By Henry D Gombya
Britain is set to host a meeting of African and European Union officials in London this week to discuss means and ways of stepping up pressure against the Nigerian Islamist group, Boko Haram.
Last month, Nigerian President Goodluck Jonathan said the group have so far killed at least 12,000 people and left 8,000 or more injured. Founded 12 years ago by Mohammed Yusuf, the group at first called itself the Congregation of the People of Tradition for Proselytism and Jihad but chose to go by the Hausa name ‘Boko Haram’ which when translated in English means ‘Western education is sin’.
Its kidnap of nearly 300 Nigerian school girls has forced the world to take notice of its actions. These include the burning down of churches in Northern Nigeria, the destruction of schools and the burning alive of those it blames for administering ‘Western education’ to Nigerians. As the world continues to wake up to its deadly presence, the organisation has grown more confident and has carried out daring attacks against police and army installations in Nigeria, in addition to mounting attacks on unarmed villagers.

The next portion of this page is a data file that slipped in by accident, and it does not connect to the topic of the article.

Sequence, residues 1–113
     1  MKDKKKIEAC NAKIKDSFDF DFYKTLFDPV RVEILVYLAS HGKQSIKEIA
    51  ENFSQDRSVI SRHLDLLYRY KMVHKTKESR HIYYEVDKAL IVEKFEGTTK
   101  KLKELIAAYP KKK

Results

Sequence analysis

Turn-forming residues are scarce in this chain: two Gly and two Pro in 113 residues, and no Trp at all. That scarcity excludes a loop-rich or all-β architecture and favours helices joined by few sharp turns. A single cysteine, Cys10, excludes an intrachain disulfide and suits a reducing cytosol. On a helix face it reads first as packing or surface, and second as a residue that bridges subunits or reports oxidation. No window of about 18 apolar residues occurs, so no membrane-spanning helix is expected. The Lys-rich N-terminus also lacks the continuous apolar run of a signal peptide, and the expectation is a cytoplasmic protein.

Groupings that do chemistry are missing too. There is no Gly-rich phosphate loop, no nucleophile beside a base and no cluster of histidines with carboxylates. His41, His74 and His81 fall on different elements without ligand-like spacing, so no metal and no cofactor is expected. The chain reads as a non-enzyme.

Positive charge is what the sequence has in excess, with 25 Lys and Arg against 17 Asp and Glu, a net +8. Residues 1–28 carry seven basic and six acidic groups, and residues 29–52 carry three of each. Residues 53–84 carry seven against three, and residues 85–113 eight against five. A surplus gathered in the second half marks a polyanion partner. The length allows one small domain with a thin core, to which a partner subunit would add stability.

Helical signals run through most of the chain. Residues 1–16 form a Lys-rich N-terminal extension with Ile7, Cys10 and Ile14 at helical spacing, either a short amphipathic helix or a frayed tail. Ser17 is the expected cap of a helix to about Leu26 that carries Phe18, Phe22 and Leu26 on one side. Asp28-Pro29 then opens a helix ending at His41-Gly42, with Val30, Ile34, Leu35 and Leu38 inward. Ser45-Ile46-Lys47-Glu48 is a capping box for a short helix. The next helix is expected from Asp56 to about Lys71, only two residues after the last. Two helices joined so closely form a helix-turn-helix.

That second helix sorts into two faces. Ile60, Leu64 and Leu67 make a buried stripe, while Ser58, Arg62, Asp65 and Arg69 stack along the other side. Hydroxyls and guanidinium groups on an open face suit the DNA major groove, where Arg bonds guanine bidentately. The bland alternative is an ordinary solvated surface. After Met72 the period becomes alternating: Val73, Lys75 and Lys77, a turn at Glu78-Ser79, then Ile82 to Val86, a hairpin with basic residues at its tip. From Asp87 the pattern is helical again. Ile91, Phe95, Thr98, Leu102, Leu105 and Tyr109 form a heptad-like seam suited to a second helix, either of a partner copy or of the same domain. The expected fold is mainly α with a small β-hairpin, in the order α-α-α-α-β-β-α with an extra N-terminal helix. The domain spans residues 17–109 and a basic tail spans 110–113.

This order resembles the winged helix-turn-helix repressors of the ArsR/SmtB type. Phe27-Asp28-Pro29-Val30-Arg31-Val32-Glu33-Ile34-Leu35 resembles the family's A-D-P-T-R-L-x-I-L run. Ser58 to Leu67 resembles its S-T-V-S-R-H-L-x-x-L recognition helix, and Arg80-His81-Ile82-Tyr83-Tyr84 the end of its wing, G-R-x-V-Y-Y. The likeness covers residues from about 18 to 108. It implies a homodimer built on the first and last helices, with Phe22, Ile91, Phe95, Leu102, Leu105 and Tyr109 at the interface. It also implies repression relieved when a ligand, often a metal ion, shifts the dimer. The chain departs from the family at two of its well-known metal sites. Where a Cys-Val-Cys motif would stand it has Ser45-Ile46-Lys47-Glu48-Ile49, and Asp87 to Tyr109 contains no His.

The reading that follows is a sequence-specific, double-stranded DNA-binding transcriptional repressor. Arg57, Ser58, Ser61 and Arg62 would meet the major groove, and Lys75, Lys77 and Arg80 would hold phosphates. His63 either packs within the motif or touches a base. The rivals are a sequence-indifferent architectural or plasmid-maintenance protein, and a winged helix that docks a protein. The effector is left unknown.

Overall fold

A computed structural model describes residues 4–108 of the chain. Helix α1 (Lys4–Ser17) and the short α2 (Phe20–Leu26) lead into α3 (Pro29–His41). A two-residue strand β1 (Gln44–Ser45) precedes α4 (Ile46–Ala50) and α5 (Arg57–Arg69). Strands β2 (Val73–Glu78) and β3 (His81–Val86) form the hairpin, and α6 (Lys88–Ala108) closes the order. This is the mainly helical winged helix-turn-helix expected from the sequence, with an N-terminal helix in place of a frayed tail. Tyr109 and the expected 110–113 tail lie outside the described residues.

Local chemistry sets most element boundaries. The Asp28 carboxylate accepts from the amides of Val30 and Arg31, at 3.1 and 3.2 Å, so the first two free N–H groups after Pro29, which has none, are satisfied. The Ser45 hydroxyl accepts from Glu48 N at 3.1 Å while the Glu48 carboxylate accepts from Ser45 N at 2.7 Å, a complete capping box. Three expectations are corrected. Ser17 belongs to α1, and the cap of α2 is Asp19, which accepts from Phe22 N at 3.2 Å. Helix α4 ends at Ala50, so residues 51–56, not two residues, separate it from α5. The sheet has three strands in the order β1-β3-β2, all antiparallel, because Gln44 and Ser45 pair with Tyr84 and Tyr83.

The London meeting will be the second in as many months after one held last month in the French capital Paris. It comes as the African continent is facing criticism that nearly 60 years since getting rid of its colonial yoke, the African continent continues to heavily rely on its former colonisers to help solve its problems. Among those expected to attend the June 12 meeting are Nigeria’s Foreign Minister, representatives from countries that border Nigeria’s as well as officials from the United Kingdom, the United States, Canada, France and the European Union. Critics are pointing at this very setup of officials to argue that while Africa has a union that unites it, this meeting as well as the one held in Paris last month is not having any official representing the African Union (AU).